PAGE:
Taking in the Clover
The other day my son asked me why four leaf clovers are lucky. He's in first grade and we were standing at the edge of our pea gravel driveway waiting for his bus, looking at the clusters of clover growing around the wooden 4x4 fence post with holes in it he refers to as the "bumblebee apartments." The clover were waking up dewy-bright in varying greens with a little hot pink and gold and a few blossoms that look like they would be at home in a Dr. Seuss book. My son found his first four leaf clover a few weeks ago. It took him only 10 minutes after realizing nobody falls for a doctored up three-leafer. My sister taught me... "Just look at the patterns."
I told him they're lucky not because they lead to a pot of gold or anything material. They're lucky because it means you took a moment to really look at nature. It means that, even if it's hidden deep down, you know nature wants to converse with you and surprise you with something that will make you smile and feel a moment of joy even when you might be just waiting for the bus or picking up dog poop or bringing in the mail.
My Life in 10 Minutes writing class with Valley Haggard is much the same. We take 10 minutes of time to see what's there. What story appears out of the everyday. What surprise is waiting in that tale about your own life that you were sure you knew so well. And in every story there is a four leaf clover, and our words read out loud carry a life flow that I think we all feel.
I believe that the earth, like people, likes to be looked at and know that we can see her beauty even in the plain bits and weeds. Sister Mother Earth, as Saint Francis of Assisi called her, is always reaching out with gifts. I love an over the top floral garden and friends who can entertain and inspire me with their social media perfection but I smile at a four leaf clover the same as I do a rose. The clover, the rose, the story, they are all gifts that bring me in and I'm connected.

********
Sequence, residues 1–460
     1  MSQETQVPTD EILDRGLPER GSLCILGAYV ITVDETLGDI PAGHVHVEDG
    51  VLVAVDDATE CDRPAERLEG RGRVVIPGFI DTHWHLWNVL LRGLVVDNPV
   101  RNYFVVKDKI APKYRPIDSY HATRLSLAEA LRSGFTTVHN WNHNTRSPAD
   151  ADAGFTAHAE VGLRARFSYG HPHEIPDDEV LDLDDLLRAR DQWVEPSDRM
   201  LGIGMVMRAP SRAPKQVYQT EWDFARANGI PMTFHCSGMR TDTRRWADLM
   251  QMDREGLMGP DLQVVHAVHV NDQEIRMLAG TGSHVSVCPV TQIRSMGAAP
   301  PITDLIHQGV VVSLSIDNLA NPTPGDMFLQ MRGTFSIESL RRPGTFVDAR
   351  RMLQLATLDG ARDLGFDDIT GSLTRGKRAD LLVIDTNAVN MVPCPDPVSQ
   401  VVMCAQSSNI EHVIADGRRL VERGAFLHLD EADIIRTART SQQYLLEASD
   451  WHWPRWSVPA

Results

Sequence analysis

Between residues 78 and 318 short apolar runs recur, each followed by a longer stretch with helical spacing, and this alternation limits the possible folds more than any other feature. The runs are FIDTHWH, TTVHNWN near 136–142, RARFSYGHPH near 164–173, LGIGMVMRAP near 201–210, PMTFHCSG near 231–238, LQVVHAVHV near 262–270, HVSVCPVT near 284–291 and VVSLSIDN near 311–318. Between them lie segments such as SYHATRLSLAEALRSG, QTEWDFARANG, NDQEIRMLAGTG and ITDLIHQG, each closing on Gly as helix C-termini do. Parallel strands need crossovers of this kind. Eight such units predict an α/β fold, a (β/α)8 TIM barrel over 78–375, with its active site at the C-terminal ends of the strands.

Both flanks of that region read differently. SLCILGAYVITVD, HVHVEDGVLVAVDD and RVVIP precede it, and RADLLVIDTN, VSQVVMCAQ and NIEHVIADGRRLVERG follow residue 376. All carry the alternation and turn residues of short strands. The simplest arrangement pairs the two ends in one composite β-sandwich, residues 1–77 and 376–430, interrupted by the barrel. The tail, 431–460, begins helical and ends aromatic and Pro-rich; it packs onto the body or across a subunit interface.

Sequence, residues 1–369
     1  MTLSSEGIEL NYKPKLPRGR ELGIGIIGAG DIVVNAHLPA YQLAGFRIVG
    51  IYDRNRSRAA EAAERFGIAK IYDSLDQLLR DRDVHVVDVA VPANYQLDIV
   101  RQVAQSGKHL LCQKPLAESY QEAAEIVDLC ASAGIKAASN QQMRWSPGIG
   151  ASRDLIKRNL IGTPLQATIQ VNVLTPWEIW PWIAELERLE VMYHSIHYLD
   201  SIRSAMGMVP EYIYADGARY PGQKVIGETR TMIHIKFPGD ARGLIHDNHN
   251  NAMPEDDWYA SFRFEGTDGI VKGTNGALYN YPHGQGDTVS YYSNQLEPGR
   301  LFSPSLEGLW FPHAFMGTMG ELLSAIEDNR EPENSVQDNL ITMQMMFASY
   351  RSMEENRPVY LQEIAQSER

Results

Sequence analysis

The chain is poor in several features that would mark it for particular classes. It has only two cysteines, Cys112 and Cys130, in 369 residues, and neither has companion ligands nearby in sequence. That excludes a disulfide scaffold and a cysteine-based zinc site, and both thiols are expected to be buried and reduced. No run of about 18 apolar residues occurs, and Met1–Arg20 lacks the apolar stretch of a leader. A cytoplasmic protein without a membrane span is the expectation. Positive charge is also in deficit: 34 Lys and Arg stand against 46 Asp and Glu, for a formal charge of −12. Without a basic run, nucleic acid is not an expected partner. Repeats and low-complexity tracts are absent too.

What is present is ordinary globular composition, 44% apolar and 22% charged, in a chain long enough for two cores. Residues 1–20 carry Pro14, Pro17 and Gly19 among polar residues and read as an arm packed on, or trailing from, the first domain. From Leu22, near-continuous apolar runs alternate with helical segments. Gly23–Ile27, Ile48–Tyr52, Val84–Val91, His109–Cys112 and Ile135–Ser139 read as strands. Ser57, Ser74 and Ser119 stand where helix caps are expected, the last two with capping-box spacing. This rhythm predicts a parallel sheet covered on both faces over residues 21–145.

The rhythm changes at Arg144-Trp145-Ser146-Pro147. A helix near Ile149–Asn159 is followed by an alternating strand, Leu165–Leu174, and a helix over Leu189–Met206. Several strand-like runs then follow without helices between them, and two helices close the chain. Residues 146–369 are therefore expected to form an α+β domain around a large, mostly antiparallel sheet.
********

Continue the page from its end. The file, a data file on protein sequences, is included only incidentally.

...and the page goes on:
Sometimes it is painful because life has prickly weeds and the good flow that happens at the writers' table can bring forth those weeds and I have felt like I was going to choke on them but ultimately there is still delight for me. Delight because I never expected that a class to practice my writing would bring me so much closer to my real self and all around me. And that's lucky, for sure.
I live on a small farm in western Hanover with my lover-husband, children and dogs of varying ages and size, an elderly barn cat, some horses, a sassy pack chicken and nature. I usually spot between 2 and 8 four leaf clovers a day and like using those I pick to decorate book marks or letters to post. This year, I have decided to photograph, instead of pick, the little treasures.